Thursday, April 12, 2012

"I Don't Know How You Girls Do It"

One of the joys of my job is that I have the privilege of working with people with 8+ decades of life experience under their belts. I make a point to tap into that experience whenever I get the chance. Functionally I'm assessing their speech, their thought organization, their pragmatics. But really, I'm looking for advice. Nuggets of wisdom. Recipes.

Most of my female patients are mothers. I ask about their kids. The number is usually in the 4-10 range. So I ask for advice. "How did you do it? I have 2, and they keep me plenty busy. What's the secret?" They usually just chuckle and shrug. "I don't know, I just did it!"

But some of them turn the tables. I was actually surprised the first time I heard it: "I don't know how you girls do it these days - kids, jobs, the busy schedules you all keep." They say things like, "Oh it was easier back then. Everyone had kids. We sent them all outside and they entertained themselves." They talk about having their moms and sisters nearby to help. They didn't take the kids to the grocery store to have meltdowns in the frozen food aisle. They didn't drag them to play groups and story times. Their three year olds didn't play on soccer teams. They didn't work when their kids were young, so pumping breast milk 3 times during a work day wasn't a concern. And they certainly didn't worry about whether they were making the best choice in the career/family balance.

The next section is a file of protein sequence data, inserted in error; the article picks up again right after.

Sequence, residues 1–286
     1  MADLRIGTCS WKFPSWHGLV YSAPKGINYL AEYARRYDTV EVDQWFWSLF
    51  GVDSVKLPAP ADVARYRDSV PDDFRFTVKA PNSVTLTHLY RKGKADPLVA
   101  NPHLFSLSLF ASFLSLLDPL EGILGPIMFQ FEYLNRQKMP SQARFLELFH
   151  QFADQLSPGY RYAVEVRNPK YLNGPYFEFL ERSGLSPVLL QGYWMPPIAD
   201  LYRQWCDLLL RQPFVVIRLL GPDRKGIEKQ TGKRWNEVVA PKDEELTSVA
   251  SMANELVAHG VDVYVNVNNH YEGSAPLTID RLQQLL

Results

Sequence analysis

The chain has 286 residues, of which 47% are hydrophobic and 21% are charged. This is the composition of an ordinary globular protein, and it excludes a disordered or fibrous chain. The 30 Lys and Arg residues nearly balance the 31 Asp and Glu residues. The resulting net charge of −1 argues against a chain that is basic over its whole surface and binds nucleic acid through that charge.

I have no doubt that momnesia has kicked in during the 50+ years since they had small children at home. I'm sure they had plenty of struggles of their own. We won't even get into the gender issues and educational and career opportunities available to these women when they were our age. But their words are kind. And maybe even true. And it's the kind of encouragement I need from time to time.

1 comment:

  1. I do this too, but I'm much more shameless. The geriatric patients I see are coming to me to work out their mental health issues, so, ostensibly, the questions that I ask about their time as young mothers with 4-10 kids is designed to get at deep seated patterns, the roots of emotional vulnerabilities, or clues to their late-life personality development. But sometimes, when I'm asking "It must have been really hard for you, with 5 small children and your husband laid off. How did it make you feel?" What I'm really asking is "It must have been hard for you with 5 young children. TELL ME HOW YOU MANAGED THE CHAOS?!" haha. I'm the worst geri-psych clinician ever.